Thursday, August 15, 2019
Stratton Says Plaintiff’s Pre-Offer Costs Up to Time of Final Offer Must Be Added to Damage Award
By a MetNews Staff Writer
The Court of Appeal held yesterday, in a case of first impression, that where a defendant makes a statutory offer of compromise which is spurned, then makes a higher offer which is also rejected, the court must include the plaintiff’s prejudgment costs up to the time of the second offer in determining whether the plaintiff netted more than the sum for which the defendant proposed to settle.
Justice Maria E. Stratton of this district’s Div. Eight wrote the opinion which reverses a postjudgment award of costs by Los Angeles Superior Court Judge Ross Klein in favor of the defendant, landlord Stephen Vopava.
In a dispute with a former tenant, Vopava first made an offer, pursuant to Code of Civil Procedure §998, to settle for $10,000, exclusive of fees and costs. Plaintiff Alice Hersey turned that offer down.
Vopava later upped his statutory offer to $20,001, again not including fees and costs. Hersey again declined to settle.
At trial, damages were set at $7,438.
Klein awarded Vopava $30,483.55—29,983.55 in costs and $500 in attorney fees, pursuant to a fee-shifting provision in the lease—based on his impression that the award was compelled by §998 because the judgment was lower than an offer. Hersey appealed.
“Appellant contends the trial court erred in failing to add her pre-offer costs to the damages award for purposes of determining whether she received a judgment more favorable than the offers within the meaning of section 998,” Stratton wrote “We agree, reverse the trial court’s amended judgment incorporating the order, and remand to the trial court for a determination of the amount of appellant’s reasonable costs.”
The issue that then loomed was the effect of §998(c)(2)(A) which provides: “In determining whether the plaintiff obtains a more favorable judgment, the court or arbitrator shall exclude the postoffer costs.”
Costs up to the time of the first offer were $4,431.75 which, if added, along with the $500 attorney-fee award, to the $7,438 damage award, the total would less than the $20,000 offer—specifically, $12,369.75. If, however, costs between the time of the first offer and the second were included, they would come to $12,252.30 which, added to the damages and $500 in attorney fees, would amount to $20,190.30.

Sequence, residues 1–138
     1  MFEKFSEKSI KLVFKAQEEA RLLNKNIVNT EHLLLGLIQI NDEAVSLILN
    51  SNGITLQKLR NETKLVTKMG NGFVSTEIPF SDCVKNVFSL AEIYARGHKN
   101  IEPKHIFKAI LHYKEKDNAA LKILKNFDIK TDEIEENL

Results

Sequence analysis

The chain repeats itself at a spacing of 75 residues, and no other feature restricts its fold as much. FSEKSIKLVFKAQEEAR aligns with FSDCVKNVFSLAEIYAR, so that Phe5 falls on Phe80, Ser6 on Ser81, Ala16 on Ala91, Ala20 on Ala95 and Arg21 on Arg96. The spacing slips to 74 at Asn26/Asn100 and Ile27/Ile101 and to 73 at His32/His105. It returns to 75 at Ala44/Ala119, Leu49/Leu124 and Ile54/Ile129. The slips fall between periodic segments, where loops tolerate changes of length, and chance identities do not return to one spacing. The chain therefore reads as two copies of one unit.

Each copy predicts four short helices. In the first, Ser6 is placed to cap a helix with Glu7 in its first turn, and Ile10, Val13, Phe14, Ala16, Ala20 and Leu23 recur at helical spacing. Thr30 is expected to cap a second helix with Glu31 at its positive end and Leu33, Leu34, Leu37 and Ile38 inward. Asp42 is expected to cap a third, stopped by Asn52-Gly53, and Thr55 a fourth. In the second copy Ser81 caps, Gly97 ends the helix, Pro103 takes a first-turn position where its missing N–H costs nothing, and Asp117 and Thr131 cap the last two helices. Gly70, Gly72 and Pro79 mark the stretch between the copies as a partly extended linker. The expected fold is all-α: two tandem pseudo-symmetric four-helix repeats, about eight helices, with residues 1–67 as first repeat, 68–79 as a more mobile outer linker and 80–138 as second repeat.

Pre-offer costs up to the time of the $20,000 must be included, Stratton said, explaining:
“Although we have found no published cases considering the factual scenario present in this case, the Supreme Court has made clear that the appropriate analytic framework for all multiple offer scenarios is to determine which rule will effectuate the statutory purposes of section 998….
“Fundamentally, section 998’s policy is to encourage settlement….It would not further the purpose of section 998, or be consistent with its statutory implementation, to punish an offeree who beats an offeror’s first offer by freezing her costs at the date of that low first offer. It likewise would not further the purpose of section 998, or be consistent with its statutory implementation, to reward an offeror who makes a low first offer by freezing the offeree’s costs at the date of that low offer. Accordingly, we hold that where an offeree achieves a judgment more favorable than a first offer, the determination of whether an offeree obtained a judgment more favorable than a second offer should include all costs reasonably incurred up to the date of the second offer.”
Instructions on Remand
The jurist declared:
“On remand, if the trial court finds appellant is not entitled to all her costs and as a result did not recover a judgment more favorable than respondent’s second offer, the trial court should consider anew whether respondent’s second offer was reasonable and in good faith. If the court finds it was, the court must recalculate the costs to be awarded to respondent and include only those costs incurred after the second offer.”
The case is Hersey v. Vopava, B287896.
Long Beach attorney Jonathan D. Winters represented Hersey and for Plaintiff and Harry A. Safarian and Christina S. Karayan of The Safarian Firm in Glendale acted for Vopava.
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